I’m talking about telecommuting – that sexy, new-age term for “working from home” that seems to get tossed around more than a pocket protector at an accountant’s convention.
Ever since gas prices decided to swoosh upwards during the latest recession, conventional wisdom has dictated that telecommuting is, for lack of a better term, the future. Employers offering it are typically viewed as enlightened, while those that don’t are classified as non-progressive neanderthals.
Indeed, many of our Employees’ Choice recipients this year received wildly enthusiastic praise from employees for allowing them to work remotely.
The concept of telecommuting has even reached Parliament Hill, with job search website Workopolis advocating a “National Work From Home Day” this past Nov. 24 (the concept already exists in the United Kingdom). Liberal MP Mark Savage recently opined on the merits of such a day before the House of Commons.
In an interview, Workopolis president Gabriel Bouchard told me that “If one million people did this one day per week, it would eliminate 250 million kilograms of greenhouse gases per year, and we would burn 100 million litres less fuel.”
A compelling argument, to be sure.
But there’s also a growing backlash forming in some quarters when it comes to telecommuting.
Call the critics old-school, but some feel telecommuting is for disengaged, loosey-goosey employees who don’t really care very much about work at all.
In a recent Postmedia piece, well-known Toronto labour lawyer Howard Levitt (a counsel to Lang Michener LLP) argues passionately against the growing telework phenomenon, dismissing it as “politically correct” and a “boondoggle in the employment marketplace” that “seldom provides value.”
Mr. Levitt makes some very insightful points to support his argument. He says telework doesn’t support the “cross pollination” of ideas, since employees can’t as easily chat face-to-face.
He also says telecommuting leads to the “under-utilization” of those employees, makes them unavailable at crucial times, and makes it difficult for these employees to gain insights on their organization’s culture.
Besides that, he also says some employees are just plain lazy. “Not all employees are self-motivated,” he writes. “Some require monitoring, at least occasionally. In many of my cases, my firm has been able to establish the employees, who were supposed to be working, instead were conducting personal errands, visiting friends, even working elsewhere.”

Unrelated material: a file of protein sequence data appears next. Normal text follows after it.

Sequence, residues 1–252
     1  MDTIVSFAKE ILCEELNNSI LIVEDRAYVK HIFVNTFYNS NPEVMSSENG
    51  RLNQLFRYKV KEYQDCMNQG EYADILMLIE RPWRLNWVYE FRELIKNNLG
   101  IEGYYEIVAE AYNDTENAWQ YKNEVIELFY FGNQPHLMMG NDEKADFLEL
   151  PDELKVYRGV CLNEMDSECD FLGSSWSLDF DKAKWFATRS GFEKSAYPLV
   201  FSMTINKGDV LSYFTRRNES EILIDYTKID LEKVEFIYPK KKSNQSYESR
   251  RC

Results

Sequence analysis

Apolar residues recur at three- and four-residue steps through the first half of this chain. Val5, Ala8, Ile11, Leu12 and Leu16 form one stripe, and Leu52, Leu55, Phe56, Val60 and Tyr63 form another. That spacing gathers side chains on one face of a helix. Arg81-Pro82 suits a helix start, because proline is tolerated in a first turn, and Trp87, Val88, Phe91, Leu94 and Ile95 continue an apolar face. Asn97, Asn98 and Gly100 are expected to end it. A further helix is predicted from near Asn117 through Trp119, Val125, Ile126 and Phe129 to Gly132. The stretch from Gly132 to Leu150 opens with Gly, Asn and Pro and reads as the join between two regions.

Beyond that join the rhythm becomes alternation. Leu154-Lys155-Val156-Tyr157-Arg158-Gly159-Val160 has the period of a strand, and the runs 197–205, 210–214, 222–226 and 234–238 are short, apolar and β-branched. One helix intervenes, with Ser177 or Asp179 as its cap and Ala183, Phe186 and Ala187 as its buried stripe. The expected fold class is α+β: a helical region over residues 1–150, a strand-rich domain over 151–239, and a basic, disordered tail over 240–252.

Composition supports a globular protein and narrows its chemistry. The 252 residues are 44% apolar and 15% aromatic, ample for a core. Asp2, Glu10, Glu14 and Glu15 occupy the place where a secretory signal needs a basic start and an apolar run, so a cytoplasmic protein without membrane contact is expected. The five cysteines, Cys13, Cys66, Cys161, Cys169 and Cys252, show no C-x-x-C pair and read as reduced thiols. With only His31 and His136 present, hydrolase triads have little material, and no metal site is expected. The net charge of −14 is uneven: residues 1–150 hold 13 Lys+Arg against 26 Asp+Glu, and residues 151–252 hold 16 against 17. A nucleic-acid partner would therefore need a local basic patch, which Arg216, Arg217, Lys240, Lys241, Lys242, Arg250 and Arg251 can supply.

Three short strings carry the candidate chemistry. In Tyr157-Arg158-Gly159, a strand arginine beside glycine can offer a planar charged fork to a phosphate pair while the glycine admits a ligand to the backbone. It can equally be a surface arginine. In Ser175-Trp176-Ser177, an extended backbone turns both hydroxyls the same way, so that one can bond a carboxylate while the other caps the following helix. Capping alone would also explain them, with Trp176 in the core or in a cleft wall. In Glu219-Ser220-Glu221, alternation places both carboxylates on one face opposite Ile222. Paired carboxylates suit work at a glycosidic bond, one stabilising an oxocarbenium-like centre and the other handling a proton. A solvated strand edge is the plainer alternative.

Working from home can also lead to “distractions,” he says.
And he’s right, in some ways. Telecommuting isn’t for everyone – especially those who find motivation a personal challenge.
It’s also likely a bad idea for people with very technical jobs, who need gear that can only be found in a so-called “real” workplace.
But there are methods to combat the potential pitfalls of teleslogging, most notably through the ever-growing use of technology.
That, along with a helping of old-fashioned discipline. One of my editors several years ago, at a different publication, used to work exclusively from home (this was back before telecommuting was even a word).
She explained that to be effective she got up early, dressed in business attire and arrived at her “office” just as if she’d done a 40-minute commute (minus the white-knuckle traffic stress). She also forced herself to leave her home at least once per workday, to avoid the urges to mutter to oneself that can sometimes accompany telework.
It required discipline, but she got it done and even said she found herself even more productive from home than in the office.
And that’s the whole problem with Mr. Levitt’s argument, really. In slamming the concept of telework he forgets that not all employees are created equal, and not all people are identical in temperament.
Some people thrive in a busy office environment. Some in a home office environment. Some thrive on conflict. Others wither.
He also implies that most bosses are completely oblivious to what their teleworking employees are doing, which does happen. This of course happens in a regular office as well, barring the installation of wiretaps on employee phones along with a vast network of in-house surveillance cameras.
Finally, in an age of economic uncertainty, telework often makes financial sense for both employees and employers. Not everyone earns a lawyer’s salary, I’m afraid, and saving $30 or $40 per week can mean a great deal to many employees.
For employers it means workers aren’t spending half their time stuck in traffic, should they live relatively far away.
The point is that unmotivated, lazy people undoubtedly will continue to exist in every environment. Telecommuting is not a “boondoggle."
It is, in fact, often a boon to many employees and organizations, whether that's in the form of attraction and retention, engagement or respect for one's own employer.
It just has to be the right employee.